After a visit to the grotte (caves) in Castellana Grotte we wiggled the car through the narrow narrow streets of the town to find Trattoria Arco Persi. https://www.trattoriaarcopersio.it/men%C3%B9 A trattoria is so named because it’s supposed to feature local cuisine. This place lived up to its title.
We ordered antipasto. Out came seafood risotto, a baked breaded mozzarella slice with parmigiano in a sauce, seafood in a vinaigrette, bruschetta with tomato and basil, buratta (like a fresh mozzarella but with cream), breaded cheese croquettes, roasted artichoke halves, shrimp vinaigrette, breaded zucchini, octopus salad and more. It was enough for lunch and everything was tasty and well presented.
Not knowing how much food would be coming as antipasto, I’d ordered fave e cicorie, white beans and cicoria, a bitter green. When we lived in Rome I learned a Roman dish called pasta e fagioli (pasta and beans) so I assumed fave e cicore would be a pasta dish. It is not. I also assumed the beans would be whole. They are not, as you can see. Not just the beans are blended, the cicorie is as well.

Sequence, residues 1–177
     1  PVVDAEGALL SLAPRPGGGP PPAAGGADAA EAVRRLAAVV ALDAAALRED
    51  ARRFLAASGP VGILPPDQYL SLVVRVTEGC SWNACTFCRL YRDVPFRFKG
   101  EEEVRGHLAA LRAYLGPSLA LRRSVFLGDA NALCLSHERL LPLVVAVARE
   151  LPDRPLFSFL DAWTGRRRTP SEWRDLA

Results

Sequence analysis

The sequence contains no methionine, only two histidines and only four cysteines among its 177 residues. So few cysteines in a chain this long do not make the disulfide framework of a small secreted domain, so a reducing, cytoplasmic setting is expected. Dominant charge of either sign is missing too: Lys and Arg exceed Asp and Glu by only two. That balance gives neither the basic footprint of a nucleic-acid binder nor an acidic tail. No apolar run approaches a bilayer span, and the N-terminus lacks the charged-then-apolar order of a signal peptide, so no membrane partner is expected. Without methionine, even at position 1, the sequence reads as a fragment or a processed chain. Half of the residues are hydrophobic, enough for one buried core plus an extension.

It’s not all that pretty but I think it’s a great combination. See a recipe at https://www.greatitalianchefs.com/recipes/fave-e-cicoria-recipe-fava-bean-dip. The people at this website label the dish as a dip. It is not. It is included among the primi piati, “first plates” literally, but “first course” is a better translation. All pasta dishes are listed in this section of Italian menus, called ‘cartas’ in Italian (and thence we get the term “a la carte.”) The cicorie they use for this dish is a wild form. This leaf is not jagged while the Roman is, and it does not seem to be as bitter, unless the chef changed the cooking water several times before adding the greens to the beans.
I could not eat it all so they made a to go package. We’d stopped earlier in Alberobello. There we ordered a panino de porchetta (panini is the plural of panino). Porchetta is a roast baby pig stuffed with garlic and herbs. I’d only had it previously in and around Rome, it being a specialty of Aricia, a small town in the Albani Hills just outside the city. I was thinking I was about to try a Puglian variation. I asked the guy behind the counter if it was a local version. No, he said, it is not different from the one you find in Aricia, in fact, he said, what he serves comes from there. I was disappointed in not finding a new version, but it was excellent, and we are while looking at the Trulli houses lining the piazza. Even though I only ate half of the bread of the panino I was still not terribly hungry for lunch three hours later.
I’ll report on more of the local cuisine as we proceed. I can tell you right now, however, that orecchiette (little ears) is THE pasta shape of the region.